The Centers for Medicare & Medicaid Services (CMS) has announced that in 2017, most Medicare beneficiaries (about 70%) will pay $109 per month on average for Medicare Part B. This is up from the $104.90 monthly Part B premium that has been in effect since 2013.
If you fall into this group, you face only a modest Part B premium increase in 2017 because your Part B premium is deducted from your Social Security benefit, and you will be receiving only a small Social Security cost-of-living increase next year (0.3%). Due to a provision in the Social Security Act called the “hold harmless” rule, Medicare premiums for existing beneficiaries can’t increase faster than their Social Security benefits. Because your Medicare premium increase is based on your actual Social Security benefit, you may pay more or less than the $109 average premium. The Social Security Administration (SSA) will tell you the exact amount of your Part B premium in 2017.
Approximately 30% of Medicare beneficiaries are not subject to this provision, and may pay substantially more for Medicare Part B. You fall into this group if:
- You enroll in Part B for the first time in 2017.
- You don’t get Social Security benefits.
- You have Medicare and Medicaid, and Medicaid pays your premiums.
- Your modified adjusted gross income as reported on your federal income tax return from two years ago is above a certain amount.*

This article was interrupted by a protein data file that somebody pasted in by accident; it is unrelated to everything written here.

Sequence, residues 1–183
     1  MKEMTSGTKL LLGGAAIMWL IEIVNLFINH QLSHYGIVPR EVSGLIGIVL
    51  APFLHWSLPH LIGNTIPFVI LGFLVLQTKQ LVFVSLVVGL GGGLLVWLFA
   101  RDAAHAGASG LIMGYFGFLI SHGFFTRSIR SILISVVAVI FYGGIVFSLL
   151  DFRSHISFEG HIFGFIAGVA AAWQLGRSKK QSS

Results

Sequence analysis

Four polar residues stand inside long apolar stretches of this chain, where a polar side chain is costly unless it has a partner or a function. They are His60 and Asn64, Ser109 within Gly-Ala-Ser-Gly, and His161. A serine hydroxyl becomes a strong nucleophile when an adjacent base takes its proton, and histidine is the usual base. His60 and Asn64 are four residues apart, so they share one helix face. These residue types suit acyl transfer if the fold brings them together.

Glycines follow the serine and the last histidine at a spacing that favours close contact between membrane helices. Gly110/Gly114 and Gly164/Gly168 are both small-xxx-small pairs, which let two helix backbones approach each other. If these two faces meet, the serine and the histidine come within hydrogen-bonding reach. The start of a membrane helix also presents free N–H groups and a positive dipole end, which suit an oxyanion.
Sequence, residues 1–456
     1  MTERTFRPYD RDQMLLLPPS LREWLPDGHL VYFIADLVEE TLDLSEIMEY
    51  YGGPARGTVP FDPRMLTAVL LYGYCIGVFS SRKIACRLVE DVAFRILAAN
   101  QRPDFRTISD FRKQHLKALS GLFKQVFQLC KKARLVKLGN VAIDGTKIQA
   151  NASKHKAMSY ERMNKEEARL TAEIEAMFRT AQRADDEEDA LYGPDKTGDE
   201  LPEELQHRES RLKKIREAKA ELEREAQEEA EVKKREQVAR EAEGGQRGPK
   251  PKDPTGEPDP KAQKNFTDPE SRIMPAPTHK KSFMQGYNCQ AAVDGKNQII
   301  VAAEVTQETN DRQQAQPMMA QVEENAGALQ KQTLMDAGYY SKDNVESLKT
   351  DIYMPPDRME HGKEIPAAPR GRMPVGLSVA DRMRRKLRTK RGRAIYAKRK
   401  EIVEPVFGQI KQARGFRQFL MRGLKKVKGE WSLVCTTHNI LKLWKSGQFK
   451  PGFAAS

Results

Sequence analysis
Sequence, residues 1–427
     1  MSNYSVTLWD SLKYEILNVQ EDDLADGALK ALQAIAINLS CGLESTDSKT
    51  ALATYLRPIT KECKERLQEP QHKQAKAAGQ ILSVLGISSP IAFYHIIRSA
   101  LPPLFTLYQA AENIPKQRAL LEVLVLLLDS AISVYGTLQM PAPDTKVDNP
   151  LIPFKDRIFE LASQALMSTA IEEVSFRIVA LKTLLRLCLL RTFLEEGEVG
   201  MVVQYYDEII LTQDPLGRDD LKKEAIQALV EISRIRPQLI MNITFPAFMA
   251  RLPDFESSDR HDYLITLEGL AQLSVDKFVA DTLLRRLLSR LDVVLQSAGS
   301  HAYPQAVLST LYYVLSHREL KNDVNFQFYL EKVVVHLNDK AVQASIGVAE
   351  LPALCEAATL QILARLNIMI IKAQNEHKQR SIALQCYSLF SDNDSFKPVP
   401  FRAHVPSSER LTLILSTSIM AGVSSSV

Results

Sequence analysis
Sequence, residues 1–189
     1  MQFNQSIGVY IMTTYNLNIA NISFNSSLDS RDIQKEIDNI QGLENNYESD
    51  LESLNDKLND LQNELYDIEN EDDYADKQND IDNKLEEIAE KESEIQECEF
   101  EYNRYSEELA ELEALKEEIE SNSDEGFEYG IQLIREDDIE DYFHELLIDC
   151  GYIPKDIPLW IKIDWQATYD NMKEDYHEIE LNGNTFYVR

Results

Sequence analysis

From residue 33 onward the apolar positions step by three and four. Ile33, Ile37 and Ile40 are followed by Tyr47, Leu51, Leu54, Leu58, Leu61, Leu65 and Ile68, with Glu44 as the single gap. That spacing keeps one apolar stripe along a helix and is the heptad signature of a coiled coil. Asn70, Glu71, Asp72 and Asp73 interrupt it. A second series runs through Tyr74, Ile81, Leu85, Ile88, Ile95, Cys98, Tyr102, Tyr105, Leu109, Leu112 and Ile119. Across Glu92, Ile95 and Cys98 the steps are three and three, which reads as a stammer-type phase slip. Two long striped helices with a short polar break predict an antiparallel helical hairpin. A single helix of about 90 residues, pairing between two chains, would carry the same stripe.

The table below shows the Part B premium you’ll pay next year if you’re in this group.
|Beneficiaries who file an individual income tax return with income that is:||Beneficiaries who file a joint income tax return with income that is:||Beneficiaries who file an income tax return as married filing separately with income that is:||Monthly premium in 2016:||Monthly premium in 2017:|
|$85,000 or less||$170,000 or less||$85,000 or less||$121.80||$134|
|Above $85,000 up to $107,000||Above $170,000 up to $214,000||N/A||$170.50||$187.50|
|Above $107,000 up to $160,000||Above $214,000 up to $320,000||N/A||$243.60||$267.90|
|Above $160,000 up to $214,000||Above $320,000 up to $428,000||Above $85,000 up to $129,000||$316.70||$348.30|
|Above $214,000||Above $428,000||Above $129,000||$389.80||$428.60|
*Beneficiaries with higher incomes have paid higher Medicare Part B premiums since 2007. To determine if you’re subject to income-related premiums, the SSA uses the most recent federal tax return provided by the IRS. Generally, the tax return you filed in 2016 (based on 2015 income) will be used to determine if you will pay an income-related premium in 2017. You can contact the SSA at (800) 772-1213 if you have new information to report that might change the determination and lower your premium (you lost your job and your income has gone down or you’ve filed an amended income tax return, for example).
Changes to other Medicare costs
Other Medicare Part A and Part B costs will change in 2017, including the following:
- The annual Medicare Part B deductible for Original Medicare will be $183, up from $166 in 2016.
- The monthly Medicare Part A (Hospital Insurance) premium for those who need to buy coverage will cost up to $413, up from $411 in 2016. However, most people don’t pay a premium for Medicare Part A.
- The Medicare Part A deductible for inpatient hospitalization will be $1,316, up from $1,288 in 2016. Beneficiaries will pay an additional daily co-insurance amount of $329 for days 61 through 90, up from $322 in 2016, and $658 for stays beyond 90 days, up from $644 in 2016.
- Beneficiaries in skilled nursing facilities will pay a daily co-insurance amount of $164.50 for days 21 through 100 in a benefit period, up from $161 in 2016.
To view the Medicare fact sheet announcing these and other figures, visit Medicare.gov.
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